Monday, January 30, 2006

The Brief and Frightening Reign of Phil

Not on my list of top 20 books is any title by George Saunders. It's not through lack of effort, however. I alluded to borrowing The Brief and Frightening Reign of Phil from the Brooklyn Public Library in a post on December 19. I finally read the little bugger, not because it took that long (I started it on the train home on Friday and finished it this a.m.), but because I've been reading other stuff.

This is a wonderful, quick, little read. George Saunders rocks, and I recommend him to anyone who likes quirky, out-of-the-box fiction. He's not for everyone. He is the author of two short story collections, Pastoralia and Civilwarland in Bad Decline. It is safe to say that no one around is writing like this guy.

Here's a couple of quotes:

“An astoundingly tuned voice—graceful, dark, authentic, and funny—telling just the kinds of stories we need to get us through these times.”
–Thomas Pynchon

“Like the illegitimate offspring of Nathanael West and Kurt Vonnegut…Mr. Saunders’s satiric vision of America is dark and demented; it is also ferocious and very funny.”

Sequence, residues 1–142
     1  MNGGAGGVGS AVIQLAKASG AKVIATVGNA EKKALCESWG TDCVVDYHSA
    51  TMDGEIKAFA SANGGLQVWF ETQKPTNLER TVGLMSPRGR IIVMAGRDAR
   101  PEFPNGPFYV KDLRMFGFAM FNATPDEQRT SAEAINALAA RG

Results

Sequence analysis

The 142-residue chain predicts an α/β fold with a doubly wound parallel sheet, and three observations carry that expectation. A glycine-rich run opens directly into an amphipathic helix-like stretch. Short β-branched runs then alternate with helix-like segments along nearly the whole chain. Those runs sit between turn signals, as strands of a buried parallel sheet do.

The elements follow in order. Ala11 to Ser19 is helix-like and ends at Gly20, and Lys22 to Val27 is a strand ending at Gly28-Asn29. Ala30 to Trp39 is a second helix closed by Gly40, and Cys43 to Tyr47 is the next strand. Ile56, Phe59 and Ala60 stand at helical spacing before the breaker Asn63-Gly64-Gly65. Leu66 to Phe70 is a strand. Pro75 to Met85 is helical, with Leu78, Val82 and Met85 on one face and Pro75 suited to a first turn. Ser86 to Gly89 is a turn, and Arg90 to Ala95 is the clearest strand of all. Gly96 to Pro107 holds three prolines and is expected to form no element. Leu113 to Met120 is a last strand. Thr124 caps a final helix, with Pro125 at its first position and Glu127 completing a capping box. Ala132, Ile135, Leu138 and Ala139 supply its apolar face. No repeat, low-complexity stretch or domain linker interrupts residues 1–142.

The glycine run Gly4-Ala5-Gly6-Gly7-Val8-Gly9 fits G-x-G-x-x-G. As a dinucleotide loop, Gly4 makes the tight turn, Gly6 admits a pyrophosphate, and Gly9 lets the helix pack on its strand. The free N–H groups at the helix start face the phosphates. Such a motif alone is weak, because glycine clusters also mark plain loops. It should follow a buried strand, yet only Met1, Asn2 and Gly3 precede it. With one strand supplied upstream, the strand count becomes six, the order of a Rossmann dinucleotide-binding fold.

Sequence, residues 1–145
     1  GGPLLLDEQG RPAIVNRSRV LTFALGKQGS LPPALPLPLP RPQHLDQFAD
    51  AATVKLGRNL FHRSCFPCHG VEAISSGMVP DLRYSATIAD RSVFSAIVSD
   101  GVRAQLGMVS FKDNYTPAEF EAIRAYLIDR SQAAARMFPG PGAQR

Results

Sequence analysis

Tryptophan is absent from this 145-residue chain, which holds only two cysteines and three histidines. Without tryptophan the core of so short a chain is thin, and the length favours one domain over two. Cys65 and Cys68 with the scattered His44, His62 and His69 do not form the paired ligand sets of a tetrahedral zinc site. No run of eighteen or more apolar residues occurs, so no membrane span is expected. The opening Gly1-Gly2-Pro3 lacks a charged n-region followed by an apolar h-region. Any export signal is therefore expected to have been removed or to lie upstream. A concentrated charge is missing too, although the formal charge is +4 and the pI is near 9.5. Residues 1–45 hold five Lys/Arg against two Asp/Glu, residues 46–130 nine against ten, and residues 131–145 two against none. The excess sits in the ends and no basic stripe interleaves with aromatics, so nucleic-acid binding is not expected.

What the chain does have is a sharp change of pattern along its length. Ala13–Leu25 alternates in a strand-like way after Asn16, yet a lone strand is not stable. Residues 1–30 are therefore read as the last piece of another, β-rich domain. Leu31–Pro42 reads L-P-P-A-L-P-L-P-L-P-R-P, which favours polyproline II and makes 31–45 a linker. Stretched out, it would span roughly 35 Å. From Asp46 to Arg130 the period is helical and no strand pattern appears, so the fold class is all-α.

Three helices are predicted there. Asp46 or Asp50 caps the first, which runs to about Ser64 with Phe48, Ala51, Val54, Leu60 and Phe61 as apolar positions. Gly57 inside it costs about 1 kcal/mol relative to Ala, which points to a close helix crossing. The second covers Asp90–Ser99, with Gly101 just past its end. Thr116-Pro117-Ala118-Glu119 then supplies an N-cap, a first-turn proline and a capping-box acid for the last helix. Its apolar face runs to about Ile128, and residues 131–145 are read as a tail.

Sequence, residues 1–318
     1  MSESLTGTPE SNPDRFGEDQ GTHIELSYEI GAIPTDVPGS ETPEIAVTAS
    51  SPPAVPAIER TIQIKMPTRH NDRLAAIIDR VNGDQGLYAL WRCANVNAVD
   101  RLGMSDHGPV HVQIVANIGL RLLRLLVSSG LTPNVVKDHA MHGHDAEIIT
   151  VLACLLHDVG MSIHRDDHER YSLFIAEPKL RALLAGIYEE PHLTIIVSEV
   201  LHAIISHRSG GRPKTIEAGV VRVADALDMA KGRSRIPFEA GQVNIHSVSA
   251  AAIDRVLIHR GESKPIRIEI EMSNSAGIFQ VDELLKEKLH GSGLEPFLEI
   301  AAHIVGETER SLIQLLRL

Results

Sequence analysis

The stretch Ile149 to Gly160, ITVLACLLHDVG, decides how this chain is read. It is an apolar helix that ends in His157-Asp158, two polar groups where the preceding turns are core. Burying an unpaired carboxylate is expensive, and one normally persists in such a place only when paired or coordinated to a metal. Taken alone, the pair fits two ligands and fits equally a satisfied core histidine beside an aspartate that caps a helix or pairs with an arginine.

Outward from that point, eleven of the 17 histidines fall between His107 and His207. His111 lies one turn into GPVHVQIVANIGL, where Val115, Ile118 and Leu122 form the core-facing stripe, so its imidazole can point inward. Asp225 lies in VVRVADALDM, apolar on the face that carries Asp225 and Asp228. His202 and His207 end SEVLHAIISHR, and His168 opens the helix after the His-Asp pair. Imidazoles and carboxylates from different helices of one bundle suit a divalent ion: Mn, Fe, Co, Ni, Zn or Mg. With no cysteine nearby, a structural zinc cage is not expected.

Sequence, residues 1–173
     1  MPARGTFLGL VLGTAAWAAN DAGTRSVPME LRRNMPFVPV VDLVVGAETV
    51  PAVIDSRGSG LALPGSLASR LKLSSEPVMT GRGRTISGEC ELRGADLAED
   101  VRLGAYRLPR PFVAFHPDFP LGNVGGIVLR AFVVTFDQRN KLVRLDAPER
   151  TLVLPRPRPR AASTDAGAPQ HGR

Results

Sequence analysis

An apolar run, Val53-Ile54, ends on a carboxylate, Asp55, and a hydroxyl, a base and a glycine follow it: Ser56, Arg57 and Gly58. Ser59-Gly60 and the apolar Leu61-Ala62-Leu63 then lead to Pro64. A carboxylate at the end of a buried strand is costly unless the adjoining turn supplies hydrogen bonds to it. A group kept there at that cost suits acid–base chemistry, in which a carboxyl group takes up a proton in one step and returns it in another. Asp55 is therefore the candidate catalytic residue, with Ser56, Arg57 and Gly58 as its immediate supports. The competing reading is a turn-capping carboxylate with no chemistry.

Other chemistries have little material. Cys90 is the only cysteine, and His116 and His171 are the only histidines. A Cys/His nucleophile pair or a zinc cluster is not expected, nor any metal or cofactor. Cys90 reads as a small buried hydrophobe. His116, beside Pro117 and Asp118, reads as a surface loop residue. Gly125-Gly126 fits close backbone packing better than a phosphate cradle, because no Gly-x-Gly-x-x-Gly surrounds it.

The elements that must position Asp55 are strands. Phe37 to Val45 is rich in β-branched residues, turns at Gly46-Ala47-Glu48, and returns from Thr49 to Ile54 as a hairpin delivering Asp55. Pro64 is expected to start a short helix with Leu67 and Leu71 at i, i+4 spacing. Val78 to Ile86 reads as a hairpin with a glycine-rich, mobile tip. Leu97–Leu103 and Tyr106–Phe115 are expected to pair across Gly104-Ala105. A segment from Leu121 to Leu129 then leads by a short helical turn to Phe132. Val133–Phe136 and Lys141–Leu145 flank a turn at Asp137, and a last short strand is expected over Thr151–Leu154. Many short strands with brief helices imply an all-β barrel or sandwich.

–Michiko Kakutani, The New York Times

Ok, this book, novella, 130 small pages, is a morality tale with parallels to our world, but it is a strange place indeed. Here's what the book flap says:

Welcome to Inner Horner, a nation so small it can only accommodate one citizen at a time. The other six citizens must wait their turns in the Short-Term Residency Zone of the surrounding country of Outer Horner. It's a long-standing arrangement between the fantastical, not-exactly-human citizens of the two countries. But when Inner Horner suddenly shrinks, forcing three-quarters of the citizen then in residence over the border into Outer Horner territory, the Outer Hornerites declare an Invasion In Progress, having fallen under the spell of the power-hungry and demagogic Phil.

So begins The Brief and Frightening Reign of Phil. Fueled by Saunders' unrivaled wit, outlandish imagination, and incisive political sensibility, here is a deeply strange yet strangely familiar fable of power and impotence, justice and injustice, an Animal Farm for our times.

I'll let you all judge for yourselves. You can go to Inner Horner by visiting these sites: or Saunders' fansite here.

For an excerpt of the book, click here.

Saunders frequents The New Yorker, and his last story there can be read here. All I can tell you is that you will either love him or think he's a paper-waster. He may not be everyone's cup o' tea. But unless you try a new tea now and then, you'll never expand your horizons.

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